Unexpectedly, adult male gorillas are usually very shy. There’s only one silverback per family, and Odzala is the only place on earth where groups can be as large as 20 or more individuals. When a young male has matured, he leaves his own family and heads out alone to start a family of his own by impressing females from other families and enticing them to join him. Neptuno, the silverback Magda and her trackers have been working with in their habituation program, is rather skittish at the moment as there’s another young male in the area vying for ‘his’ females’ attentions.
Karl and Calvin whisper excitedly about the gorillas’ amusing antics in the clearing and point out a newborn. Calvin’s eyes shine with excitement as he mimics the baby and chuckles quietly to himself, borrowing Karl’s binoculars to get a closer look. His favorite part of his job is not only being able to share his excitement with guests but also feeling like he’s getting to know each gorilla personally, their individual behaviors, reactions, and movements. Magda’s research is helping to close the huge gap in our knowledge about gorilla behavior and habits.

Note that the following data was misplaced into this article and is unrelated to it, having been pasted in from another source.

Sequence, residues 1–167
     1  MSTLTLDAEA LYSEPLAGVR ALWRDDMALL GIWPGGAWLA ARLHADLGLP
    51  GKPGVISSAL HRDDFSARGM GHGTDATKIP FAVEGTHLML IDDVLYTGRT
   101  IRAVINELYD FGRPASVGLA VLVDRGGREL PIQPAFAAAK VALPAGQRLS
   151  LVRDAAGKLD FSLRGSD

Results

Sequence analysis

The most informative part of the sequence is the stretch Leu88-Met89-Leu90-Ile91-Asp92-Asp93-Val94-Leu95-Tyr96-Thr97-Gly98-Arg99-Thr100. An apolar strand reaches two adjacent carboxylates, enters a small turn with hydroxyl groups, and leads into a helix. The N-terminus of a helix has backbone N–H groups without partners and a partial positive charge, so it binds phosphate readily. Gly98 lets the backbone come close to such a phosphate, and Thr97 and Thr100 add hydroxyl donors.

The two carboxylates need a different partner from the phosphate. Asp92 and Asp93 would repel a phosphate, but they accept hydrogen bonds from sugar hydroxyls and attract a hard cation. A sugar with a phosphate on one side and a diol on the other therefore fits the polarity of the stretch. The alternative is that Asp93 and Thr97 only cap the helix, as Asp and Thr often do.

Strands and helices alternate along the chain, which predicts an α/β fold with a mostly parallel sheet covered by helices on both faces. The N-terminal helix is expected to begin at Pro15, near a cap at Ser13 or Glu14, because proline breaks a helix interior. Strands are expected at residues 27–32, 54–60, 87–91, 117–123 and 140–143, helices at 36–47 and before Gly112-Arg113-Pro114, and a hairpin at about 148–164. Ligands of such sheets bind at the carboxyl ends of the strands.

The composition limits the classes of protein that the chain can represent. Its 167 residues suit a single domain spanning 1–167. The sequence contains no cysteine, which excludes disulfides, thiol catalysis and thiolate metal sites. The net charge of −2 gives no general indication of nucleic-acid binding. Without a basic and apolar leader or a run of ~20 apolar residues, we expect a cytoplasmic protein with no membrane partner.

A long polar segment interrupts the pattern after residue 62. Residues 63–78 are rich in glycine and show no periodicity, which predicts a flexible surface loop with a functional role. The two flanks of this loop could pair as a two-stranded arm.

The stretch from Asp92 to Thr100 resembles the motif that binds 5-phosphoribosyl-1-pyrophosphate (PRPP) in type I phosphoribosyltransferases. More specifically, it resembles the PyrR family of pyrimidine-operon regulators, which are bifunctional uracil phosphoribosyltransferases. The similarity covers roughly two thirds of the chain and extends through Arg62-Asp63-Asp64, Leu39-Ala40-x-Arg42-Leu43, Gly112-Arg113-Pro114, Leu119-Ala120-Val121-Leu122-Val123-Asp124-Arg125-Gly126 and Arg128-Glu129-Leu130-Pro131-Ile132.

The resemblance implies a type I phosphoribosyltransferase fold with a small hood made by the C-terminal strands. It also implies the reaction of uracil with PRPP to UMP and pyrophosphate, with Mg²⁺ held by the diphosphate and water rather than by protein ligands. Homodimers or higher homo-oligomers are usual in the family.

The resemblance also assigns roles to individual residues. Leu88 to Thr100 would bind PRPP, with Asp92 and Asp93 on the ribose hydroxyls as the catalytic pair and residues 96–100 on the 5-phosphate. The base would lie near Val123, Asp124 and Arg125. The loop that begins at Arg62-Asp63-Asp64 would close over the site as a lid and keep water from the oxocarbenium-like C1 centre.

Once Calvin spots the gorillas, the viewing is limited to an hour, and the time flies by. It’s hard to leave the group, with such vivid personalities and characters; it only takes an hour to feel like you’ve gotten to know them. Without the pressure to find the gorillas, the walk back to camp is much slower than the early morning trek, with time to reflect on the experience and stop and look at all the signs and tracks Calvin spotted on the way in.